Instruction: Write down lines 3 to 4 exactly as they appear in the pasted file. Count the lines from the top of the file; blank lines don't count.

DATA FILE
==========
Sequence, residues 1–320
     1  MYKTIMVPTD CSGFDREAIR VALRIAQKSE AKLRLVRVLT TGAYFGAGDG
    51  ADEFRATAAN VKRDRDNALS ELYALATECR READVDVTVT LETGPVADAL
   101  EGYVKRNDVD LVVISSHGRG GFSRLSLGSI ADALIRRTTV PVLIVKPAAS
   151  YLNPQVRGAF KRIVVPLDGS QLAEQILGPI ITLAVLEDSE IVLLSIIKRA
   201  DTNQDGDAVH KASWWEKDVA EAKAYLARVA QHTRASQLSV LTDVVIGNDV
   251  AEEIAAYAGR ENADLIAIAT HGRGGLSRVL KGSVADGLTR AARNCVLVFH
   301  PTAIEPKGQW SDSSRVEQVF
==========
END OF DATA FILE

    51  ADEFRATAAN VKRDRDNALS ELYALATECR READVDVTVT LETGPVADAL
   101  EGYVKRNDVD LVVISSHGRG GFSRLSLGSI ADALIRRTTV PVLIVKPAAS